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Japanese MacBook Part Maker Sues Apple for Patent Infringement

50. Patently Legal
According to a Japanese report published late yesterday, the Tokyo District Court heard the first arguments in Shimano
Manufacturing Co.'s lawsuit against Apple. The Tokyo-based electronics component maker is demanding compensation from Apple to the tune of US$8.5 million over alleged infringements of Shimano's patent for a precision component embedded in the joint of the power adapter for Apple's laptops. Apple's response in court was to deny they infringed Shimano's patent. They additionally denied that they were using their market dominance to bully Shimano, arguing that the Japanese subcontractor was the one being unreasonable in their business partnership. Yet in light of Apple's very public case with GTAT where Apple was painted as a bully and noted as being oppressive and burdensome as a business partner, some would argue that Apple has a history of bullying suppliers and that playing nice guy in court isn't going to play very well in this or any future case brought against them.


The Japanese report further noted that Shimano is seeking an undisclosed amount for possible violations of antitrust laws. Shimano said Apple used its dominant position to demand discounts and rebates for the precision component.


Apple's lawyer argued they worked with Shimano since 2005 to develop the pin component. But Shimano started moving away from the partnership in 2011 and acquired the patent without Apple's permission.


To get around the patent, the report notes that Apple began cutting its orders to Shimano in 2012 while directly outsourcing foreign part makers to produce the same component, according to the lawsuit. Shimano said those foreign parts makers were its own subcontractors.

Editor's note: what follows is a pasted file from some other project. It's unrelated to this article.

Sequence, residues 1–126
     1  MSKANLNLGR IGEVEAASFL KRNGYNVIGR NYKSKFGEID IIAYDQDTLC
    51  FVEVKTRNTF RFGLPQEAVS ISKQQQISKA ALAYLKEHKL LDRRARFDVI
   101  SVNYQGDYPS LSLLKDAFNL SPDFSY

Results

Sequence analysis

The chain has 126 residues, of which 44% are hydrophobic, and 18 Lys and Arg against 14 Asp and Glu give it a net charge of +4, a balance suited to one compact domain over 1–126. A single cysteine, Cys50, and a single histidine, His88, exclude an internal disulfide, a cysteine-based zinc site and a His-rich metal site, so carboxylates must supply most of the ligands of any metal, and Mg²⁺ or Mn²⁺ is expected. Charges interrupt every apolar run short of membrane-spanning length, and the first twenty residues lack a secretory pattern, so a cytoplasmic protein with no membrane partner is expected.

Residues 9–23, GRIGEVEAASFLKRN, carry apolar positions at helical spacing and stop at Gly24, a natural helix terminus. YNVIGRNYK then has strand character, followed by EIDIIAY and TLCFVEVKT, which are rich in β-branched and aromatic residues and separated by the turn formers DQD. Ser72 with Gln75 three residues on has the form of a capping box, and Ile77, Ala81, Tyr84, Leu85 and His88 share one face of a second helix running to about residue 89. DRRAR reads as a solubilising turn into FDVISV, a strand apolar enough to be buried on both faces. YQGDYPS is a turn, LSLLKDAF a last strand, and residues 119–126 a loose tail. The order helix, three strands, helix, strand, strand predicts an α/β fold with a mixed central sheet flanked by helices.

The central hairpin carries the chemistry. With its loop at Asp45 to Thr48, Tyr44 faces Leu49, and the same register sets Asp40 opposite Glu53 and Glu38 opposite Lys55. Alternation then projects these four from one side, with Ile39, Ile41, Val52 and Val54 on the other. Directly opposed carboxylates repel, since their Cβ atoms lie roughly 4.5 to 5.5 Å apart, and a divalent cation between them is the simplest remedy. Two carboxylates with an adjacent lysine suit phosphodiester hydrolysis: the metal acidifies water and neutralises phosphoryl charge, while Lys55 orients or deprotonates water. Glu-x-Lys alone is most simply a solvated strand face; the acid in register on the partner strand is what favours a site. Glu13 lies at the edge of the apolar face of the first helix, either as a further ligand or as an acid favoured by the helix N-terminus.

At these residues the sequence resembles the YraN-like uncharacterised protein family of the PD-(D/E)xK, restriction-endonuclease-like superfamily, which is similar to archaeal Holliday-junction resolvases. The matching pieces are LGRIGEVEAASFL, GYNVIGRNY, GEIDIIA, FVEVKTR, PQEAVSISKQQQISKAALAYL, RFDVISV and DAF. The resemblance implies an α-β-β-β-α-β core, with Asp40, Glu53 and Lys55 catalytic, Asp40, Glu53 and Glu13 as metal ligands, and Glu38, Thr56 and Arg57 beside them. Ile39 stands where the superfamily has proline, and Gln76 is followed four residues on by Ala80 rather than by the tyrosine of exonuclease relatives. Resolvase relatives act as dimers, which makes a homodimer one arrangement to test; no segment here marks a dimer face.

When Shimano protested to Apple, the U.S. Apple demanded that Shimano provide a steep discount for parts supplied to Apple if it wanted to continue the business partnership, the lawsuit said.


Apple also urged Shimano to return the excess amount it paid at pre-discount prices for the components. Shimano said it was forced to comply with Apple's demand and paid the "rebate" of $1.59 million. But Apple's orders to Shimano remained stagnant because they continued using parts manufactured by the foreign subcontractors.


Shimano filed the lawsuit against Apple in August, saying its demand for discounts violated antitrust laws that prohibit companies from abusing their dominant market positions. Shimano also said Apple committed patent infringement by directly commissioning the foreign companies to manufacture components for which Shimano held the patent.


At a time when Japanese electronics giants are struggling, many Japanese components makers depend heavily on their business ties with Apple. But if the Japanese companies cannot maintain their technological edge, Apple can turn to Taiwanese and Chinese companies to obtain electronics components at cheaper prices.


A senior official of a Japanese parts manufacturer stated that "We need a high level of determination when we forge a business partnership with Apple." Apple makes bulk purchases from Japanese parts makers for use in such hit products as the iPhone.


This kind of patent infringement lawsuit could hurt Apple's reputation in Japan if they're found to be guilty. Considering that Apple's iPhone 6 is number one in Japan, they'll have to play a very skillful PR game here or possibly risk public backlash.


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